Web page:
Calling all cat people!In celebration of International Cat Day, we called on a global wild cat conservation organization to share where in the world we can get the best views of our favorite felines in their natural environment. And at the same time, support communities to rebuild the eco-tourism that supports big cats’ preservation in the destinations people and wild cats share.
Panthera has shared a list of five destinations worldwide where eco-tourists are almost guaranteed to encounter jaguars, leopards, pumas, tigers, and other big cats in the wild -- while helping both the animals and local residents alike bounce back from the impact of the pandemic.
The wild cat conservation organization has achieved conservation success in wild cat territory around the world by recognizing that one of best ways to protect wild species is to help local communities benefit from them.
The plus for visitors is that, as big cats stop seeing humans as a threat, not only do wild cat / human conflicts drop and humans become vested in protecting wild cat habitat. Less fearful of humans, big cats become more visible in the wild, giving visitors better experiences – and so on, and so on… in a win-win-win cycle for the cats, their neighbor humans, and visitors like you.
Here are five of Panthera’s biggest success stories, where you can marvel at how, no matter how supersized wild cats are, they remind us so much of our feline friends at home.
Ask your expert travel advisor about planning a trip to see in person one of these iconic wild cats in their natural environment.
Panthera’s Pantanal Jaguar Project in Brazil (pictured, top) is a shining model for big cat conservation, demonstrating how scientists can mitigate conflict between humans and wild predators by implementing eco-tourism, livestock vaccinations, and other initiatives benefiting local communities.
The world’s largest tropical wetland, the Pantanal is home to the highest concentration of jaguars on earth, and visitors might catch sight of the big cats swimming the Cuiaba river, hunting prey, or even venturing out with cubs.
Modeled after their community-based approach in the Pantanal, Panthera’s work in Colombia’s Llanos, a vast tropical grassland plain east of the Andes, is on track to replicate its success. The organization has a two-pronged approach -- helping ranchers protect livestock from jaguars without killing them, and training locals to be jaguar tour guides.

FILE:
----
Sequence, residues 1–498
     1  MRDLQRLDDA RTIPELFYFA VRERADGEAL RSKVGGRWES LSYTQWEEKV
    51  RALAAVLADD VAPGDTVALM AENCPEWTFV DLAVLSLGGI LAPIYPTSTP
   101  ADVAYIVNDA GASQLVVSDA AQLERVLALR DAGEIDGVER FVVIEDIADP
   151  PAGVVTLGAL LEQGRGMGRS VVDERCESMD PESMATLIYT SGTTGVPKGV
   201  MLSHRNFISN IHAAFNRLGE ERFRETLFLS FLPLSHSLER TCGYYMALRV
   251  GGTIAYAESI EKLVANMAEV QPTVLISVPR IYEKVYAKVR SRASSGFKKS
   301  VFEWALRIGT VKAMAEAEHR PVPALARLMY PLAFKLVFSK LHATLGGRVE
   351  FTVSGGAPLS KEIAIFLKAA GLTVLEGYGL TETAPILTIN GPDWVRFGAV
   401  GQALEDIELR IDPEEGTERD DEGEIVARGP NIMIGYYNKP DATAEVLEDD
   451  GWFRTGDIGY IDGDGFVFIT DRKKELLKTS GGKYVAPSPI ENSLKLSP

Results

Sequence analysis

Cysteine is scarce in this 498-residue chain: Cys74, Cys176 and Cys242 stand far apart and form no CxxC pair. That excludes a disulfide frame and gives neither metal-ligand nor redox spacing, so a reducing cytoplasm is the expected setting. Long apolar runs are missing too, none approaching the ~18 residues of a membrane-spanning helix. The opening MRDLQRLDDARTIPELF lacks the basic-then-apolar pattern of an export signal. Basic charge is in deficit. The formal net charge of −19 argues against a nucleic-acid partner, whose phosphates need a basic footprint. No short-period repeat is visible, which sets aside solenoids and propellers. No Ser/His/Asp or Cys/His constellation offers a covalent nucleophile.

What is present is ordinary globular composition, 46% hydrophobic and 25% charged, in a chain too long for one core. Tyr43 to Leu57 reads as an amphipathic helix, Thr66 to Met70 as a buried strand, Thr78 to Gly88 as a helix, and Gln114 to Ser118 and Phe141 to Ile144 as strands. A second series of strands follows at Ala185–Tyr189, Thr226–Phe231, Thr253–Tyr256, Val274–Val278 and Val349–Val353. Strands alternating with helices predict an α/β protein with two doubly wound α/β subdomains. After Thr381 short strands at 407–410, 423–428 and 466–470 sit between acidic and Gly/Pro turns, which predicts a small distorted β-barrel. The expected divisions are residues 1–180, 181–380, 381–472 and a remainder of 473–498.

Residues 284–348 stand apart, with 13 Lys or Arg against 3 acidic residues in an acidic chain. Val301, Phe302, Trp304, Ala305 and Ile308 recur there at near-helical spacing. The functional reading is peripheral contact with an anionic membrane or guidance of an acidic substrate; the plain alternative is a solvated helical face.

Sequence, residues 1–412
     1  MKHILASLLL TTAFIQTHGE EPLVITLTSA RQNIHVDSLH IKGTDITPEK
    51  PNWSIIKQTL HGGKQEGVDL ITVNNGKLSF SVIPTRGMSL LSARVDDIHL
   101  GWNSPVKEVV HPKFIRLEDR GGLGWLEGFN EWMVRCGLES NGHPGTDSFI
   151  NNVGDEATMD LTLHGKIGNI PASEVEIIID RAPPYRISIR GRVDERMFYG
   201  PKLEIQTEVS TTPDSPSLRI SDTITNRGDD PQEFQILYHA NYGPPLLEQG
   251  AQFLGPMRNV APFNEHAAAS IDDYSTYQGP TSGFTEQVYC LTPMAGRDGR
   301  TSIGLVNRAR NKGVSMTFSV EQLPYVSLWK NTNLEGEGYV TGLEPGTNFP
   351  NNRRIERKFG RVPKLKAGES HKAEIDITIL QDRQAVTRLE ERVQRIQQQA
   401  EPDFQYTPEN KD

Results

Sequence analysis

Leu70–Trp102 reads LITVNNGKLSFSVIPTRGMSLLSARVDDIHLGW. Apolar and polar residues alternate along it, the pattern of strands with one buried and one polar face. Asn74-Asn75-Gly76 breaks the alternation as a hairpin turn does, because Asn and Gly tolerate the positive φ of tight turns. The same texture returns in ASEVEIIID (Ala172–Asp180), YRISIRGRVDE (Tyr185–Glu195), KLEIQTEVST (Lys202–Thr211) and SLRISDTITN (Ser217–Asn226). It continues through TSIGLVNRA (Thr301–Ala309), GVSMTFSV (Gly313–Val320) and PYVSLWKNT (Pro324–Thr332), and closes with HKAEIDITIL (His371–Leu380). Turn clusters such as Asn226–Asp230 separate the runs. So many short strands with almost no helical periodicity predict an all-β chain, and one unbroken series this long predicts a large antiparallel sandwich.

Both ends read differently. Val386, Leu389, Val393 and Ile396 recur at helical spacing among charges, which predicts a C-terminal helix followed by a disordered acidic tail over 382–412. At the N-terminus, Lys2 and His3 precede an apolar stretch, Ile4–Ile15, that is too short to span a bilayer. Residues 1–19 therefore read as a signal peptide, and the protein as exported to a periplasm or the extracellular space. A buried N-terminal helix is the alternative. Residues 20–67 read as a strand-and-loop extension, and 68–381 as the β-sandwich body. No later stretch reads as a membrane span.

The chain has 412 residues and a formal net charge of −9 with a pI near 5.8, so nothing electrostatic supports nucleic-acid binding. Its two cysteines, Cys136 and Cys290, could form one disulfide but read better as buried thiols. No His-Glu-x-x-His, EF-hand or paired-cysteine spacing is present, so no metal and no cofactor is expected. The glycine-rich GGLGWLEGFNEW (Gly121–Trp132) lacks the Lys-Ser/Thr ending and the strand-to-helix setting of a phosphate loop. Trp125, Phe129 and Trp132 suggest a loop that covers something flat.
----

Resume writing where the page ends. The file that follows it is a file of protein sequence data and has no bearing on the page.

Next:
As a result, visitors are twenty times more likely to see a jaguar now than in 2016, and tourism has doubled in a region still recovering from Colombia’s troubled cartel and political past.
Like the Pantanal, the Llanos are part of Panthera’sJaguar Corridor Initiative, an ambitious conservation program that seeks to preserve the genetic integrity of jaguars by protecting them across their entire six million square kilometer range from Mexico to Argentina.
Nicknamed “the end of the world,” Patagonia -- the southern parts of Chile and Argentina -- offers an opportunity to see pumas against a backdrop of granite spires, sweeping vistas, glaciers, and pampas. Ecotourism is relatively new to the region, where pumas and ranchers have long been in conflict.
Over the last few years,Panthera’s Puma Programhas been working with tourist ranches to create an ethical standard for puma tourism. The relationship is mutually beneficial: in return for allowing Panthera to set the many camera traps needed to monitor puma populations, Panthera shares data that helps landowners plan puma-sighting tours.
Sabi Sands Game Reserve boasts the highest concentration of big game in South Africa and also one of the most habituated, meaning tourists enjoy frequent and close wildlife encounters. Famous for its amazing leopard sightings, the reserve is helping Panthera with one of the most comprehensive long-term leopard studies ever undertaken.
Working with guides from the reserve’s photo-tourism lodges, the Sabi Sands Leopard Project has monitored more than 600 leopards over the last 35 years -- a unique dataset that provides important insight into the lives of leopards, as well as an essential baseline that can inform future conservation strategies.
Located in northern India, Ranthambore National Park is reputed to have the least shy tigers in the nation; in fact, Panthera doesn’t run a conservation program within the park because its thriving wild tiger population doesn’t require an intervention.
But a Panthera Partner Wildlife Photographer who lives and works in India can testify that it’s one of the best places in the world to photograph tigers. In one trip a visitor can capture the animals against a surprisingly diverse range backdrops, from mountains to lakes to grassy plains.
Photos courtesy of Panthera.
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